I’m not sure if hotel/motels have always been portrayed as breeding grounds for horrible shit or if Alfred Hitchcock kicked off the trend back in 1960. Regardless, films like Psycho, The Shining, Vacancy, 1408, and many more have all experimented with the idea of unspeakable acts being performed inside the, presumably safe, walls of these establishments. 

That said, Night at the Eagle Inn, while in a completely different stratosphere in terms of budget, has far more in common with The Shining or 1408 than Psycho or Vacancy. But that’s not to say it feels cheap—quite the contrary. Writer/director Erik Bloomquist essentially provides the blueprint on how to properly write a script that suits your budget. While it certainly lacks any big SFX sequences or expensive ghostly apparitions, Night at the Eagle Inn excels at prioritizing good ‘ol fashioned mystery and suspense to drive its plot forward. But if another slow burn haunt-fest doesn’t fit the bill for what you’re looking for, rest assured that this one is far more gripping and aggressive than you might expect.


If you’re looking for something spooky that’s all killer and no filler, Night at the Eagle Inn is sure to serve you well. 

Clocking-in at a breezy hour and ten minutes, Night at the Eagle Inn follows siblings Sara and Spencer Moss as they investigate the titular Eagle Inn. After being greeted by an overtly creepy front desk attendant and bumping into a surprisingly hunky handyman, Sarah and Spencer enter their room before finally acknowledging how creepy the vibes are and immediately decide to leave as quickly as possible. Unfortunately for them, their night is just getting started.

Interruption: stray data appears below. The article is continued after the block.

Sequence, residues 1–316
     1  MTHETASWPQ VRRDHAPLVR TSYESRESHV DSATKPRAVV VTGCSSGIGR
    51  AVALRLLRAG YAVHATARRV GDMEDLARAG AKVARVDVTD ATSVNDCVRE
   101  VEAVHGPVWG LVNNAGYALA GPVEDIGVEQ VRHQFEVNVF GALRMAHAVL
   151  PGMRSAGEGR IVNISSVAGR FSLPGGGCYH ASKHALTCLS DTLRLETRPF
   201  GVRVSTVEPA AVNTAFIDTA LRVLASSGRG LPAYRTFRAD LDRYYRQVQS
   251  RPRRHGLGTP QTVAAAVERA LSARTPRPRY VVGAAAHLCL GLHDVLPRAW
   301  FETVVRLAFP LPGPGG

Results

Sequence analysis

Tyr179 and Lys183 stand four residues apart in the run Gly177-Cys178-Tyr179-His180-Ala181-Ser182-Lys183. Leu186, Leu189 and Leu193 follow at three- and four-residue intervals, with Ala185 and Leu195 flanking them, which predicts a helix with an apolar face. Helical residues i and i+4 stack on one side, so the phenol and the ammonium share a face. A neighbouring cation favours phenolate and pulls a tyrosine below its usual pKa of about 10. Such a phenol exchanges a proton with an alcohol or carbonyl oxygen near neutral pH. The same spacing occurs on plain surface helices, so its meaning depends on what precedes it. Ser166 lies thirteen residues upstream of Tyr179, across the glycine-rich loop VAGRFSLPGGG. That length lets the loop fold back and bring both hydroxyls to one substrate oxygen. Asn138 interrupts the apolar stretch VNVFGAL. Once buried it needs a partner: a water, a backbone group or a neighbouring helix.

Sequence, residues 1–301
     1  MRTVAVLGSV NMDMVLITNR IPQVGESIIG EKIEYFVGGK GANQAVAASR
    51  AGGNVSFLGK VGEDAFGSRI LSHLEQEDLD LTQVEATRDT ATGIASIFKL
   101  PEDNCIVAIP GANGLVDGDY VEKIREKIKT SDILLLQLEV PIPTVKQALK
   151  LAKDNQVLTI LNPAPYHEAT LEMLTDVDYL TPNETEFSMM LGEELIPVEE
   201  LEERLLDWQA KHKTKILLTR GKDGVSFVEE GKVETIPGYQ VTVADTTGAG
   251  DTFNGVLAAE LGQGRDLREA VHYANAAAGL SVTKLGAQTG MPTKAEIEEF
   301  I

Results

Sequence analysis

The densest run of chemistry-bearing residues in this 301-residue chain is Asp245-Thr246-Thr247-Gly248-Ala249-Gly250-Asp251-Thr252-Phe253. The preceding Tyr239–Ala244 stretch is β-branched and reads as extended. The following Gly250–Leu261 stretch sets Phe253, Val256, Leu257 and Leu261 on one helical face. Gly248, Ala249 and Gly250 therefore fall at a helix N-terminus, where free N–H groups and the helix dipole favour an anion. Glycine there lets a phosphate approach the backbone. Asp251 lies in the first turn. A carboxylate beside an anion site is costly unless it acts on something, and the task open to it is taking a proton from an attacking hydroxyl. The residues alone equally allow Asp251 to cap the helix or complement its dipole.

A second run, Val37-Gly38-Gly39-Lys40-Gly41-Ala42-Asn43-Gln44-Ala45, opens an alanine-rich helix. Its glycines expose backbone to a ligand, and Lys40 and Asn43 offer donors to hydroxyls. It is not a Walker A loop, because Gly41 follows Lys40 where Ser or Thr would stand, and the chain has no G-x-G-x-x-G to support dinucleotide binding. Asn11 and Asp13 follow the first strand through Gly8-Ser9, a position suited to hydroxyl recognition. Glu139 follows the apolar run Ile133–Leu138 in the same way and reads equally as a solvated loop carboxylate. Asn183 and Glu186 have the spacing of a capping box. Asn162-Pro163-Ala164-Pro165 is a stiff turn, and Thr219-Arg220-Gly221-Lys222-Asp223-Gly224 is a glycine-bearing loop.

While performances from cast and crew members are certainly strong and enjoyable, it’s the biting musical composition from Gyom Amphoux that elevates the events on-screen to another level. Some may find it a tad aggressive, but it’s not something typically found in a movie of this subject matter or scale. For a film that was seemingly shot on a modest budget, the sound is a real highlight—that applies to musical composition, field recording, and mixing.

Beyond that, Bloomquist handles the film’s scare sequences brilliantly. While there may be a jump scare here or there, most revolve around making the viewer uncomfortable through strange, voyeuristic tapes of previous guests at the inn. Things are made all the more creepy by the explanation of those tapes. It’s a unique twist on something that could have gotten extremely formulaic real quick. If you’re looking for something spooky that’s all killer and no filler, Night at the Eagle Inn sure to serve you well. It’s surprising and well-crafted horror that will appeal to genre fans of all walks. Give it a shot once it becomes widely available.

Night at the Eagle Inn screened at the 2021 Popcorn Frights Film Festival.